[Weekend Briefing] South Korea gears up for cybersecurity

By Kuksung Nam and Dain Oh, The Readable
Jul. 15, 2022 7:13PM KST

Hello, this is Kuksung Nam and Dain Oh for The Readable. July is the month of cybersecurity in South Korea, and this year’s commemoration attracted unprecedented attention because the president of South Korea attended the event in person for the first time. Cybersecurity has become one of the most important issues in Korea, like in many other countries, and we have seen great progresses, especially this week. Among them, we picked five news stories for you. Enjoy our briefing and have a beautiful weekend!

1. South Korean President Attends Cybersecurity Commemoration

South Korean President Yoon Suk-yeol attended an annual cybersecurity commemoration, which was held in the Pangyo Information Security Cluster on July 13. It was the first time for a president of South Korea to attend this event in person in eleven years. During his speech, President Yoon promised that the government will foster cybersecurity into a strategic industry by educating 100,000 talented personnel, specializing in cybersecurity. In addition, he emphasized that the government will focus on building an information sharing system between the public and private sectors in order to effectively respond to cyber threats. The annual cybersecurity commemoration was first held in July 2012, when the South Korean joint ministries announced that they would set a cybersecurity anniversary on every second Wednesday of July. In July 2009, South Korea suffered a massive distributed denial-of-service (DDoS) attack, which paralyzed some of the major websites in the nation, including government and financial institutions.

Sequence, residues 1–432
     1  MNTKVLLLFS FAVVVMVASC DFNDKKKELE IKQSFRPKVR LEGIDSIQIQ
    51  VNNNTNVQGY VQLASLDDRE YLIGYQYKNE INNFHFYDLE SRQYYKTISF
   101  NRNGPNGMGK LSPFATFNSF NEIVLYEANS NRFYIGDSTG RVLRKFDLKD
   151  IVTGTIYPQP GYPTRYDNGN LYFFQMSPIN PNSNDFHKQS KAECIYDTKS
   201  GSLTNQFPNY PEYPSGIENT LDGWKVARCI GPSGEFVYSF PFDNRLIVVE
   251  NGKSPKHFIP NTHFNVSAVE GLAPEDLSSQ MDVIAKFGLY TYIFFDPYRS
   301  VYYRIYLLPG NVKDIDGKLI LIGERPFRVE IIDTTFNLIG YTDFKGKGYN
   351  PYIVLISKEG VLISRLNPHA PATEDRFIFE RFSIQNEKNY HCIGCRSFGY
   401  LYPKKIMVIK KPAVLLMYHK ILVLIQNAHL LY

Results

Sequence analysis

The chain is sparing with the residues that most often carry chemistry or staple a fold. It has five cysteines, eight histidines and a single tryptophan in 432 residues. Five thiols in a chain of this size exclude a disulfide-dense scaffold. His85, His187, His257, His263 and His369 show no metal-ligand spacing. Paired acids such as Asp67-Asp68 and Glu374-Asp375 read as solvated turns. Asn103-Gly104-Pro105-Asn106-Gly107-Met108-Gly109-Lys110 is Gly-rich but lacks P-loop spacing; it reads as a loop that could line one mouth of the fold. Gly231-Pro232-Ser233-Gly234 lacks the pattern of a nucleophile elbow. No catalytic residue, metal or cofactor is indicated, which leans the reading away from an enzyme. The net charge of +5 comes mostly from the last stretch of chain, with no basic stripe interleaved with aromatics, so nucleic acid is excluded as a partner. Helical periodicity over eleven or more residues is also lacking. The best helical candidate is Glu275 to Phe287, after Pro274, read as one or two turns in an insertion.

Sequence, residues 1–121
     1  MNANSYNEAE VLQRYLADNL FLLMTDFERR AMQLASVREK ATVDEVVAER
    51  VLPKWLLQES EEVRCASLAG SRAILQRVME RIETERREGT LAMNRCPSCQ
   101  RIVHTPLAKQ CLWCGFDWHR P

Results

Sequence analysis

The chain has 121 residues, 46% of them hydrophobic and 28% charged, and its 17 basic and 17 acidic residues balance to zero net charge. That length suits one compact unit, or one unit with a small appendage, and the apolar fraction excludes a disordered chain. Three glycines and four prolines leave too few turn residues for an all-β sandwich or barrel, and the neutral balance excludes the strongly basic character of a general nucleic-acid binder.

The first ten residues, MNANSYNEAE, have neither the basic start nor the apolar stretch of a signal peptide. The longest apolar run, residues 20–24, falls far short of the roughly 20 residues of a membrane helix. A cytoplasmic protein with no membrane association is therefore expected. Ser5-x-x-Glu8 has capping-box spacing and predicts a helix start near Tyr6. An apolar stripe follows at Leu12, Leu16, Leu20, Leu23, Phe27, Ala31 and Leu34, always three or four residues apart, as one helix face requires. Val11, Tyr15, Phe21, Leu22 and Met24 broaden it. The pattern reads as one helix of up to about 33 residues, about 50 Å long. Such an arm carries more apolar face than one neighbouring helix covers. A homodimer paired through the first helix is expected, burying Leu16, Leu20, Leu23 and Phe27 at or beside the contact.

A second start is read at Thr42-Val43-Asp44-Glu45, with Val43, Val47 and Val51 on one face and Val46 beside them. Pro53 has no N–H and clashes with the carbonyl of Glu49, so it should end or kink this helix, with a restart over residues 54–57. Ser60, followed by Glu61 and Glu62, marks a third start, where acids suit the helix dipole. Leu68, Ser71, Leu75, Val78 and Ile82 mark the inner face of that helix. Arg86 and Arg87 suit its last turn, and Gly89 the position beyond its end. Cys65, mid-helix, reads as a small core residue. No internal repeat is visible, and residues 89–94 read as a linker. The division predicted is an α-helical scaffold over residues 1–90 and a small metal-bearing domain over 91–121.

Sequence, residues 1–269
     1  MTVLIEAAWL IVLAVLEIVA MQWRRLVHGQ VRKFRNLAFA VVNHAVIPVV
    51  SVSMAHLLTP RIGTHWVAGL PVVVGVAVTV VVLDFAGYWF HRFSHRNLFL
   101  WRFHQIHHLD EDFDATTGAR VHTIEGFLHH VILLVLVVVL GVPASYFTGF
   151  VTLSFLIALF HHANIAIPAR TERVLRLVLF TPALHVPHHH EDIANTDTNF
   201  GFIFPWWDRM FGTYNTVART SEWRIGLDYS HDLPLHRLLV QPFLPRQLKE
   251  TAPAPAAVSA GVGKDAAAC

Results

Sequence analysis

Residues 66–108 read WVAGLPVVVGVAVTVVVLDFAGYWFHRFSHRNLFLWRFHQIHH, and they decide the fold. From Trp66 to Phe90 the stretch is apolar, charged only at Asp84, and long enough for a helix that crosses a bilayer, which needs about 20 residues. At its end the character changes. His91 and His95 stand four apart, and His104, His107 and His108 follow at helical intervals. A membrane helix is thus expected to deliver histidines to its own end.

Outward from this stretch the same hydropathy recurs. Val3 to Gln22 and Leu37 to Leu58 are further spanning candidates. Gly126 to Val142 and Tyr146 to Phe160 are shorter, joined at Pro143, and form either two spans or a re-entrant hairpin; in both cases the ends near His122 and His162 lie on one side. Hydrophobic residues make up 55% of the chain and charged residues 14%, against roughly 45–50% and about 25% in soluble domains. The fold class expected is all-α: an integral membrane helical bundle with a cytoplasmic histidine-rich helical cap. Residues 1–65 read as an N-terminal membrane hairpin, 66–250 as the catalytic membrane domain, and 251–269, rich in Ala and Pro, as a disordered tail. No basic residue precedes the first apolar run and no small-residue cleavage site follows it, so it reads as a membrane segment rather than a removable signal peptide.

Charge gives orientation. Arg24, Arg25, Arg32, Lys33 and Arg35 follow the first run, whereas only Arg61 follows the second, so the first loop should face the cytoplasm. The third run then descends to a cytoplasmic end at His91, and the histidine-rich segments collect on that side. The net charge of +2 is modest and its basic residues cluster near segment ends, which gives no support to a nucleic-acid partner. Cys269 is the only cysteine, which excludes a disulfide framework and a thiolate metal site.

2. South Korea Slams Government Workers Over Personal Data Misuse

The South Korean government Thursday said it will show no mercy to government workers who abused confidential databases to get personal information on ordinary people. “If a government employee deliberately breaches or misuses the private information of the public, that worker will face termination under the ‘one strike you’re out policy,’” the Personal Information Protection Commission said in a statement. The strict policy came after several criminal cases involving abuses of confidential databases by state employees occurred over recent years. Especially last year, South Korean police discovered that from January 2020 to October 2021, a state employee delivered personal information that he obtained through the state’s vehicle database to a private investigator whom he met on Telegram. The private investigator sold one piece of information to a twenty-five-year-old South Korean male who used that information to commit a crime, according to a local media report.